At Heaven Gallery Wednesday night, Anaphora continued this season's sonorous exploration exploration of color, leaving behind Cool Sounds for Warm Tones. Weaving colors together like a tapestry, the theme helps give a subtle structure to an otherwise eclectic succession of works - like a rug really tying a room together.
Bathed in a red hue, the concert started with some ambient piano etudes by Augusta Read Thomas. The pianist, George Lepauw (luh - po), gave a precise and committed account of 3 of her 6 etudes, which were more an exploration of time and rhythm than vertiginous technique. The first two seemed meticulously notated but the resulting effect was almost entirely arhythmic - almost atonal but not quite.
Next, Anaphora violinist, Aurelien Pederzoli gave the world premiere of a violin sonata by Anaphora founding composer Sarah J Ritch. For as much as Thomas' piano etudes were tonal and arhythmic, Ritch's sonata was the opposite: mostly tonal with regular rhythm - so much regularity in fact, that it even involved a sort of passacaglia over which variations unfolded. The second movement, for me, was more interesting. A short rhythmic cell repeats obstinately and is interrupted by other cells with variations of length, pitch, and pretty much everything else except rhythm and tempo. This sounds like minimalism but it wasn't: similar methods but to a much denser, more playful effect.
The first two pieces shared elements of minimalism - distended time and rhythmic regularity, respectively - but the 3rd piece drove the point home: Philip Glass' Company. Probably my favorite of his works, the 4 movements of the string quartet give a good introduction to his language without overstaying its welcome. And more than many of his works it goes somewhere. The quartet was played by the up-and-coming Spektral Quartet, which some may argue have already up and come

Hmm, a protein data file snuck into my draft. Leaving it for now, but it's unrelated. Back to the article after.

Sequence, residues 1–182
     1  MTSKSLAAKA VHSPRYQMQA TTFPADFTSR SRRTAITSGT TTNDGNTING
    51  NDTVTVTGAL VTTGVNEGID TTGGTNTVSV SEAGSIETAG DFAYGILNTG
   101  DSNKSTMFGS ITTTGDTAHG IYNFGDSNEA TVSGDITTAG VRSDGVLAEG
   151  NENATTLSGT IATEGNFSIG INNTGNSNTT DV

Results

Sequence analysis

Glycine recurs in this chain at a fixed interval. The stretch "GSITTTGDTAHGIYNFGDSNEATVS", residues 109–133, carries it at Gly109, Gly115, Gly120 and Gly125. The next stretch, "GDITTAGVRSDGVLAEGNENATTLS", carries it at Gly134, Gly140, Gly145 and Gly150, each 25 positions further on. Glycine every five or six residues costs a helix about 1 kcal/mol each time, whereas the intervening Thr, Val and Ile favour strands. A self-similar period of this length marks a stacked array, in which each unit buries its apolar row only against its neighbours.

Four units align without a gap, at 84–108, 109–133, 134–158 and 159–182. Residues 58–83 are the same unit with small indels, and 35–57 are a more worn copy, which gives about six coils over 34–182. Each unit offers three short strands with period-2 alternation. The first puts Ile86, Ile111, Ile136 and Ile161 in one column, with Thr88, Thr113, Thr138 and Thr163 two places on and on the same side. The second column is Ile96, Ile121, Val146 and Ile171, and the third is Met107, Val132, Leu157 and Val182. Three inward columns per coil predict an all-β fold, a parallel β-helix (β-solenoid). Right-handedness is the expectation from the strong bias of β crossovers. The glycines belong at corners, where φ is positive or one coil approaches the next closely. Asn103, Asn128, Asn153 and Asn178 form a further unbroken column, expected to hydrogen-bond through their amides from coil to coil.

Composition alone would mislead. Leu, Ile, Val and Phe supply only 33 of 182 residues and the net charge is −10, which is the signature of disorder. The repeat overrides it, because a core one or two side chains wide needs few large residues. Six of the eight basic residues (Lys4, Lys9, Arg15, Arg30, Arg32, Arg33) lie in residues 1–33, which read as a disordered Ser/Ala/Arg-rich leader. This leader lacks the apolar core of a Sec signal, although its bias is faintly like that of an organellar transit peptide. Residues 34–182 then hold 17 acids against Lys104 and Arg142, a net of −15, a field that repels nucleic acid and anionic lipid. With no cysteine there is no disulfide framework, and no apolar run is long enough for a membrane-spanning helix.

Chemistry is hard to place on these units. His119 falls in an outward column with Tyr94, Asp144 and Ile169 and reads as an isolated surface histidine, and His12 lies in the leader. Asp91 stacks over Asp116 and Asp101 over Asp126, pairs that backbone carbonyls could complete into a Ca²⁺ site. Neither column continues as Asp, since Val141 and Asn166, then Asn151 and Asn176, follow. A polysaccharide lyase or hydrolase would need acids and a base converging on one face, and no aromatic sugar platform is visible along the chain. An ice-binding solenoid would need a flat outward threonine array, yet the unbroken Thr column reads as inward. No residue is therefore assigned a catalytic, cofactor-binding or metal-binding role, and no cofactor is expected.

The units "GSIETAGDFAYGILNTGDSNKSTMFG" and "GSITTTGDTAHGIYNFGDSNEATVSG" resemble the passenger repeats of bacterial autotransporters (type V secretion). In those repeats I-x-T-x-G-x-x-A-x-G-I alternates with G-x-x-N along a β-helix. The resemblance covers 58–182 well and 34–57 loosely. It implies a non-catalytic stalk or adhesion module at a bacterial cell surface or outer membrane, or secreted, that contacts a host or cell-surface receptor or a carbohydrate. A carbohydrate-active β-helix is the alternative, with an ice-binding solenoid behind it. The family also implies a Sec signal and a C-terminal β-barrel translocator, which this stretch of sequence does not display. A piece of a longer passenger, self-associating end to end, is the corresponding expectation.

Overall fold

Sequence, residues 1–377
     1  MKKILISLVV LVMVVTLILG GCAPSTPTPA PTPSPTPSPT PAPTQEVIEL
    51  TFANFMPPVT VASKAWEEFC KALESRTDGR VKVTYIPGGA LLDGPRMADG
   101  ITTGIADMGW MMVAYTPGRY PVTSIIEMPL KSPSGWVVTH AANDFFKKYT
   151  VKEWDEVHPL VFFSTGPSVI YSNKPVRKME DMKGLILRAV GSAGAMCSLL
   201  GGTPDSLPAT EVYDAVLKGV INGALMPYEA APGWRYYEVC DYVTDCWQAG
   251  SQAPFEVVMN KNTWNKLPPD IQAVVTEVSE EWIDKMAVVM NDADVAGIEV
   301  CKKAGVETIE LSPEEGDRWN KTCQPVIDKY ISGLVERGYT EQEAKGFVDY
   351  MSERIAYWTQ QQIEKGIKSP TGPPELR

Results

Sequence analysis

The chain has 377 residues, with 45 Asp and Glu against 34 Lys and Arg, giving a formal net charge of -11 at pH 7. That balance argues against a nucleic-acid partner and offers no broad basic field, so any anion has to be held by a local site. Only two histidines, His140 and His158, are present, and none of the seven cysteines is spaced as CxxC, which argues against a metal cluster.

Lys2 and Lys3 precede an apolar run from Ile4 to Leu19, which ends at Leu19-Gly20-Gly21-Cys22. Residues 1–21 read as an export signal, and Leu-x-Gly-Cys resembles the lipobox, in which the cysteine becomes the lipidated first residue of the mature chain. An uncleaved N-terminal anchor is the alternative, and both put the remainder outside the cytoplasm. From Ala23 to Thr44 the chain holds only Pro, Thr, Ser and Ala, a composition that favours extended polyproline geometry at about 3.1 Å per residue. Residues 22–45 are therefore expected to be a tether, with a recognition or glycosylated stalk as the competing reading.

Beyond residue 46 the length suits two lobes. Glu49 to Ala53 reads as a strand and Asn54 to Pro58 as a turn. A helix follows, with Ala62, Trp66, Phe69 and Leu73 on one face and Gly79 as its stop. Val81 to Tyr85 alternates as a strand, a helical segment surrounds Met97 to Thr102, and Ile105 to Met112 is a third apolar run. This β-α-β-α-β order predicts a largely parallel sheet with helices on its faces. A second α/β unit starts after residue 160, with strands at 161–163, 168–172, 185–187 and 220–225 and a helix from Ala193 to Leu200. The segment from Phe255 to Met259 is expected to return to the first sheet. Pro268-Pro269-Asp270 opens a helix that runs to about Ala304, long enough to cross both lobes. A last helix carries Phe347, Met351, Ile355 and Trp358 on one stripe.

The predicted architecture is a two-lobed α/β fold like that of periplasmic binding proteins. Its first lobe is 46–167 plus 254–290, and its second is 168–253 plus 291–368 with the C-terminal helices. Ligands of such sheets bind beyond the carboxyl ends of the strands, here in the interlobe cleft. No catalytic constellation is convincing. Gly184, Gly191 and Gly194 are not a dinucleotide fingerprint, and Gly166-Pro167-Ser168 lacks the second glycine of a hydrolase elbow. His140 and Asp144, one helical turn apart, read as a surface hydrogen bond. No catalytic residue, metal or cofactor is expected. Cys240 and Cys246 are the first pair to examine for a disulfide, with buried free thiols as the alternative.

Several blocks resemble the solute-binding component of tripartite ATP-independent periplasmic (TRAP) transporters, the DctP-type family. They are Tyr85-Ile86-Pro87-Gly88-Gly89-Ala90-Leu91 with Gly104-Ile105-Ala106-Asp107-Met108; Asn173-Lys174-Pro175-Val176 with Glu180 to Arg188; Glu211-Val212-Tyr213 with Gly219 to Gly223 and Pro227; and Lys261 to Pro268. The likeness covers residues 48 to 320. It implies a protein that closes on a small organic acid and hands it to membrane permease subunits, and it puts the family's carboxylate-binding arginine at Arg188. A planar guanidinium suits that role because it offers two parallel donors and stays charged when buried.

The quartet, consisting of Pederzoli and J Austin Wulliman on violins, Doyle Armbrust on viola, and Russell Rolen on cello, played the brief quartet with lush richness, exemplifying the warmth of the concert's theme, achieving an exquisite blend of timbre and balance of volume in spite of the challenges of the room: the small, reverberant room left nothing to the imagination - like a soccer mom wearing yoga pants in public. While much of the evening's music felt slightly too loud or abrasive, the Spektral Quartet gently enveloped the listener, drawing a warm bath for the audience.
The final work proved the limitations of the room, forcing the audience into close proximity with the performers. The work, "Centos" by Virko Baley, seemed to have something very dramatic to express, which it did in stentorian tones. Like at sea in a perfect storm, one wave of climaxes was supplanted by another, each continually trying (and failing) to convey something very serious. But perhaps my generation's ears have been too overwhelmed by this modernist drama, needing instead something more nuanced, subtle, and ironic. It's a tricky balance, for sure, but one that Baley had no desire to strike. The second movement started with more subtlety but then quickly fell back into melodrama - like the one drink that pushes the alcoholic off the wagon. Finally, in the third movement, he maintained a sense of calm throughout, threatening to climax but showing great restraint. After 2 movements of cold and dark, the 3rd movement brought it back to the theme of warmth.
Afterwards, I found out the piece was written for a deceased friend.
Rich red and sweet white wines accompanied the concert, which was followed by drinks at Rodan to see New Millennium Orchestra director Dominic Johnson spin an eclectic mix of electronica. Whatever sour beer they have on tap is highly recommended - something Belgian.